1. Originally Posted by chiph588@
Problem $\displaystyle (\star\star\star\star)$: For $\displaystyle |x|<1$, compute

$\displaystyle \displaystyle \sum_{s=2}^{\infty}\frac{x^s\zeta(s)}{s}$
Solution:

EDIT: Already beaten to the answer by simplependulum, but a different method.

Spoiler:

We begin by noticing that for $\displaystyle x\notin -\mathbb{N}$ we have that

$\displaystyle \displaystyle \Gamma(-x)=\frac{e^{\gamma x}}{-x}\prod_{n=1}^{\infty}\left(1-\frac{x}{n}\right)^{-1}e^{\frac{-x}{n}}$

(I prove this here). Taking the logarithm of both sides gives

$\displaystyle \displaystyle \log\left(\Gamma(-x)\right)=\gamma x-\log(-x)+\sum_{n=1}^{\infty}\left(-\log\left(1-\frac{x}{n}\right)-\frac{x}{n}\right)$

Or, said differently

$\displaystyle \displaystyle \log\left(\Gamma(1-x)\right)-\gamma x=\sum_{n=1}^{\infty}\left(-\log\left(1-\frac{x}{n}\right)-\frac{x}{n}\right)\quad\mathbf{(1)}$

But, note that since $\displaystyle |x|<1$ we have that

\displaystyle \displaystyle \begin{aligned}\sum_{n=1}^{\infty}\left(-\log\left(1-\frac{x}{n}\right)-\frac{x}{n}\right) &=\sum_{n=1}^{\infty}\left(\sum_{m=0}^{\infty}\fra c{x^{m+1}}{n^{m+1} (m+1)}-\frac{x}{n}\right)\\ &= \sum_{n=1}^{\infty}\sum_{m=1}^{\infty}\frac{x^{m+1 }}{n^{m+1}(m+1)}\end{aligned}

Note though that for each fixed $\displaystyle n$ the inner sum converges absolutely since $\displaystyle |x|<1$. Thus, we may rearrange the series (see Apostol pg. 202) to get

\displaystyle \displaystyle \begin{aligned}\sum_{n=1}^{\infty}\sum_{m=1}^{\inf ty}\frac{x^{m+1}}{n^{m+1}(m+1)} &= \sum_{m=1}^{\infty}\frac{x^{m+1}}{m+1}\sum_{n=1}^{ \infty}\frac{1}{n^{m+1}}\\ &= \sum_{m=1}^{\infty}\frac{x^{m+1}\zeta(m+1)}{m+1}\\ &= \sum_{m=2}^{\infty}\frac{x^m \zeta(m)}{m}\end{aligned}

Plugging this into $\displaystyle \mathbf{(1)}$ gives then that

$\displaystyle \displaystyle \sum_{m=2}^{\infty}\frac{x^m\zeta(m)}{m}=\log\left (\Gamma(1-x)\right)-\gamma x$

for all $\displaystyle |x|<1$.

2. Originally Posted by Drexel28
Solution:

EDIT: Already beaten to the answer by simplependulum, but a different method.

Spoiler:

We begin by noticing that for $\displaystyle x\notin -\mathbb{N}$ we have that

$\displaystyle \displaystyle \ln\left(\Gamma(-x)\right)=\frac{e^{\gamma x}}{-x}\prod_{n=1}^{\infty}\left(1-\frac{x}{n}\right)^{-1}e^{\frac{-x}{n}}$

(I prove this here). Taking the logarithm of both sides gives

$\displaystyle \displaystyle \log\left(\Gamma(-x)\right)=\gamma x-\log(-x)+\sum_{n=1}^{\infty}\left(-\ln\left(1-\frac{x}{n}\right)-\frac{x}{n}\right)$

Or, said differently

$\displaystyle \displaystyle \log\left(\Gamma(1-x)\right)-\gamma x=\sum_{n=1}^{\infty}\left(-\ln\left(1-\frac{x}{n}\right)-\frac{x}{n}\right)\quad\mathbf{(1)}$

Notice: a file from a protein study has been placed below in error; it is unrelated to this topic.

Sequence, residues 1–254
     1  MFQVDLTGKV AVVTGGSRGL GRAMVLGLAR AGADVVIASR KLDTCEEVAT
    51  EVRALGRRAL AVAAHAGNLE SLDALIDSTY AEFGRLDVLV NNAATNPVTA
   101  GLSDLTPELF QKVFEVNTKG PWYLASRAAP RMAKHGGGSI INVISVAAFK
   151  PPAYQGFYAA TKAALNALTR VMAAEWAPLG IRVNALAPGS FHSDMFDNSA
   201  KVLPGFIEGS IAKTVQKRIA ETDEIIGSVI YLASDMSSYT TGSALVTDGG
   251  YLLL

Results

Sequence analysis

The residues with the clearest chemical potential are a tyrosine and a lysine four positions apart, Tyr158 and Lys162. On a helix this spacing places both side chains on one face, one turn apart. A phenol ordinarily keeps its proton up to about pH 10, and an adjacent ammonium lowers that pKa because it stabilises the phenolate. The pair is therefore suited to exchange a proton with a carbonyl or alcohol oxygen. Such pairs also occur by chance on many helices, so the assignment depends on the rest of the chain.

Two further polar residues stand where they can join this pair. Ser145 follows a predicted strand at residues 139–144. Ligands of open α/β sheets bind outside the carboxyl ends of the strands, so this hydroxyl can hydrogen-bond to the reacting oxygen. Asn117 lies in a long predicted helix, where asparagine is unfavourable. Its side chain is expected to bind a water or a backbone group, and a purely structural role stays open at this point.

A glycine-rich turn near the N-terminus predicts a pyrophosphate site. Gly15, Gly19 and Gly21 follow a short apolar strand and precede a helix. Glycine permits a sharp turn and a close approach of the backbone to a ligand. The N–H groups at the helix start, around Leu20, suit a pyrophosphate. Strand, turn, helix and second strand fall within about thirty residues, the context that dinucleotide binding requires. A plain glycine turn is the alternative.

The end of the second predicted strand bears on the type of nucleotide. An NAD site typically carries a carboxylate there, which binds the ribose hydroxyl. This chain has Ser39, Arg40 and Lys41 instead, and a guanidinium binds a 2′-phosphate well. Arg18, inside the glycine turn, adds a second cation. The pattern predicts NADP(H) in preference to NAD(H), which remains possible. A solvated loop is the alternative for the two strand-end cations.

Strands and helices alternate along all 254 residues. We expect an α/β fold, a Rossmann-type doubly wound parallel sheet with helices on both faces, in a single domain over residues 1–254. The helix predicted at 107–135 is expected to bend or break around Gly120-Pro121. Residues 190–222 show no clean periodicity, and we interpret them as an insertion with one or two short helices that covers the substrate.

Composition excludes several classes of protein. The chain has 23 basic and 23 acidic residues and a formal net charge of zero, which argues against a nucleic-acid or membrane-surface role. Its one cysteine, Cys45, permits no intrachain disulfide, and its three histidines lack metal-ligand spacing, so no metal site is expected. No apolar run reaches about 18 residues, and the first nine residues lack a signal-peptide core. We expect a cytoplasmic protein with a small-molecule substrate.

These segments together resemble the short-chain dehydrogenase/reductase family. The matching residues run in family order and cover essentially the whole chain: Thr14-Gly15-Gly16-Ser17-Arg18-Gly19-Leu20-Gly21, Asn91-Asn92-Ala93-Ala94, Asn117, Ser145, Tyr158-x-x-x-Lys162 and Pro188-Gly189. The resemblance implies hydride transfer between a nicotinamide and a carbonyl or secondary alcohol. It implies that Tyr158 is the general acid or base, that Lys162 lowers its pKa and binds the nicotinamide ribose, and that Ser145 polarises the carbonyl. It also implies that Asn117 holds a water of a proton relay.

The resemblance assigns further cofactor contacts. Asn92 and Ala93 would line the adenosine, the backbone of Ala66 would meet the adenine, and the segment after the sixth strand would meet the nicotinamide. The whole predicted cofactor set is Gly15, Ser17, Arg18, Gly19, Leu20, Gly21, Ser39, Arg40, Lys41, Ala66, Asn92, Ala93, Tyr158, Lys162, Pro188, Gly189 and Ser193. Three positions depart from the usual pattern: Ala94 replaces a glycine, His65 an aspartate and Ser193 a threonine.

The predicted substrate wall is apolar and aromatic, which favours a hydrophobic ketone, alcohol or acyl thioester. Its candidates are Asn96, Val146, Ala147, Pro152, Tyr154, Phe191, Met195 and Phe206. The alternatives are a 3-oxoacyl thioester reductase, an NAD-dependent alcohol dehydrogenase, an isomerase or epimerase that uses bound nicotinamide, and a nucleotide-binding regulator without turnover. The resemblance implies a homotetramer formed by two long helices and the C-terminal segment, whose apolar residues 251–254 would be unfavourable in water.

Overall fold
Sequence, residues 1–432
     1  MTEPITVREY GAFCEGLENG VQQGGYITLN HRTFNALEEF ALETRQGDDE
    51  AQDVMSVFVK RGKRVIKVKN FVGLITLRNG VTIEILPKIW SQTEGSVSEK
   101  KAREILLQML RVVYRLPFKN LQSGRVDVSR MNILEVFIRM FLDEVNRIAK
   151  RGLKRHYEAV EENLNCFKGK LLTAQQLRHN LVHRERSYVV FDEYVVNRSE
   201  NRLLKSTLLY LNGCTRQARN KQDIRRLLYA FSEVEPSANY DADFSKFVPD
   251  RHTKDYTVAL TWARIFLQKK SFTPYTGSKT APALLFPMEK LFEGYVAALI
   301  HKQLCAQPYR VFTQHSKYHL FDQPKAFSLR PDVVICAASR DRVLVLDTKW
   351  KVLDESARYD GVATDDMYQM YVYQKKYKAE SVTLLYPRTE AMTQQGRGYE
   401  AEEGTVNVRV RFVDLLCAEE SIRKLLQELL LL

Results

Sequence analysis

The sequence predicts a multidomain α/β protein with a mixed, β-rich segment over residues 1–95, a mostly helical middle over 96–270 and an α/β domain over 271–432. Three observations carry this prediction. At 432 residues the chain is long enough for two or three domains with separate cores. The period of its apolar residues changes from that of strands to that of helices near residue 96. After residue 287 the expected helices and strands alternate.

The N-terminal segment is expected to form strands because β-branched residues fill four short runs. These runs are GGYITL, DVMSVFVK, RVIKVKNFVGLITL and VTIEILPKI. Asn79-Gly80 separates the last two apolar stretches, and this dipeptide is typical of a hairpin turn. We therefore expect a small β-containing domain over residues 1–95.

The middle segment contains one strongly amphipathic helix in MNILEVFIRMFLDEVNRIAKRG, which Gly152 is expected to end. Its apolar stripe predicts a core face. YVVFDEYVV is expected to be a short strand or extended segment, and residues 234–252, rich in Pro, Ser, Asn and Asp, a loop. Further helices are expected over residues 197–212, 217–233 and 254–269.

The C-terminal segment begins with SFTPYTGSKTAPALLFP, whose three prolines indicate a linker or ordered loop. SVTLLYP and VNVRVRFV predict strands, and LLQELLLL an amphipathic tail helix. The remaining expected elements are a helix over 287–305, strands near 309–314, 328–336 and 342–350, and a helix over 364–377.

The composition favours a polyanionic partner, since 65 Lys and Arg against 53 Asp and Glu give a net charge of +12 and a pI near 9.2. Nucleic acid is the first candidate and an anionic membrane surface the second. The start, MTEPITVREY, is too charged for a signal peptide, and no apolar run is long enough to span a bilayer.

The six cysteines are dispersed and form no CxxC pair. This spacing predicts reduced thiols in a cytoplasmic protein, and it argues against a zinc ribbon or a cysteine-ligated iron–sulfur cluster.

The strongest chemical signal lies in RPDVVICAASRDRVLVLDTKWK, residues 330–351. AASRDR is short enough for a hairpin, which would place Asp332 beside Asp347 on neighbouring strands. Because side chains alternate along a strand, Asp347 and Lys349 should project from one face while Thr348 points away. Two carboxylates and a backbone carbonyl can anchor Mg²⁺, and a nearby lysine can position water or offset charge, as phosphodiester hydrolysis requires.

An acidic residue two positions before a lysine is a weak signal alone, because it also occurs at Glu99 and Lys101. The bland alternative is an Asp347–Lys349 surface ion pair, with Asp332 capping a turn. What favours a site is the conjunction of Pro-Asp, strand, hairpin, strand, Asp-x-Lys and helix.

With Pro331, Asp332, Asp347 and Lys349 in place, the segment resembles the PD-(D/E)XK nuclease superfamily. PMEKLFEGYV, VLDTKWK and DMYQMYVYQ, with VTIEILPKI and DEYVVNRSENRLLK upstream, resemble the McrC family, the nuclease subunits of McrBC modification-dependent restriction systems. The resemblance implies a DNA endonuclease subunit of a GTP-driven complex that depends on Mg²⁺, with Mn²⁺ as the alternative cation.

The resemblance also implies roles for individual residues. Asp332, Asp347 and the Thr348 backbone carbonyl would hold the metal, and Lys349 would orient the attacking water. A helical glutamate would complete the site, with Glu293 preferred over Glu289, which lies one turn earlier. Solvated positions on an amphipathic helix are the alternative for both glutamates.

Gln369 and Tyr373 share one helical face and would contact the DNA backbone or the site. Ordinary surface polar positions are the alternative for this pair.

But, note that since $\displaystyle |x|<1$ we have that

\displaystyle \displaystyle \begin{aligned}\sum_{n=1}^{\infty}\left(-\ln\left(1-\frac{x}{n}\right)-\frac{x}{n}\right) &=\sum_{n=1}^{\infty}\left(\sum_{m=0}^{\infty}\fra c{x^{m+1}}{n^{m+1} (m+1)}-\frac{x}{n}\right)\\ &= \sum_{n=1}^{\infty}\sum_{m=1}^{\infty}\frac{x^{m+1 }}{n^{m+1}(m+1)}\end{aligned}

Note though that for each fixed $\displaystyle n$ the inner sum converges absolutely since $\displaystyle |x|<1$. Thus, we may rearrange the series (see Apostol pg. 202) to get

\displaystyle \displaystyle \begin{aligned}\sum_{n=1}^{\infty}\sum_{m=1}^{\inf ty}\frac{x^{m+1}}{n^{m+1}(m+1)} &= \sum_{m=1}^{\infty}\frac{x^{m+1}}{m+1}\sum_{n=1}^{ \infty}\frac{1}{n^{m+1}}\\ &= \sum_{m=1}^{\infty}\frac{x^{m+1}\zeta(m+1)}{m+1}\\ &= \sum_{m=2}^{\infty}\frac{x^m \zeta(m)}{m}\end{aligned}

Plugging this into $\displaystyle \mathbf{(1)}$ gives then that

$\displaystyle \displaystyle \sum_{m=2}^{\infty}\frac{x^m\zeta(m)}{m}=\log\left (\Gamma(1-x)\right)-\gamma x$

for all $\displaystyle |x|<1$.

That's how I did it!

Originally Posted by simplependulum
Using the similar method , Prove this formula ( Gauss's Multiplication Formula ) :

$\displaystyle \displaystyle \Gamma(nz) = n^{nz - \frac{1}{2} } (2\pi)^{\frac{1-n}{2} \prod_{k=0}^{n-1} \Gamma{\left( z + \frac{k}{n} \right)} ~ n \in \mathbb{N}$

ps I don't know how many stars it should be given ...
I've seen a short but messy proof of this fact. I shall spare everyone the headache of reading my solution!

3. Here's an easy one to keep the thread going. Evaluate

$\displaystyle \int_0^\infty \frac{\log x}{1+x^2} dx$

4. Originally Posted by Bruno J.
Here's an easy one to keep the thread going. Evaluate

$\displaystyle \int_0^\infty \frac{\log x}{1+x^2} dx$
Easy way (more general):
Spoiler:

Let

$\displaystyle \displaystyle I(a)=\int_0^{\infty}\frac{\log(x)}{x^2+a^2}\text{ }a>0$

Let $\displaystyle x=\frac{a}{t}$ to get

\displaystyle \displaystyle \begin{aligned}I(a) &= \frac{\log(a)}{a}\int_0^{\infty}\frac{dt}{1+t^2}-\frac{1}{a}\int_0^{\infty}\frac{\log(t}{1+t^2}\tex t{ }dt\end{aligned}

But, let $\displaystyle \displaystyle y=\frac{1}{u}$ in this second integral to get that

$\displaystyle \displaystyle \int_0^{\infty}\frac{\log(t)}{1+t^2}=-\int_0^{\infty}\frac{\log(u)}{1+u^2}\text{ }du$

So that

$\displaystyle \displaystyle \int_0^{\infty}\frac{\log(t)}{1+t^2}\text{ }dt=0$

Thus,

$\displaystyle \displaystyle I(a)=\frac{\pi\log(a)}{2a}$

To spice things up:

Spoiler:

Consider

$\displaystyle \displaystyle f(z)=\frac{\log(z)}{z^2+a^2}$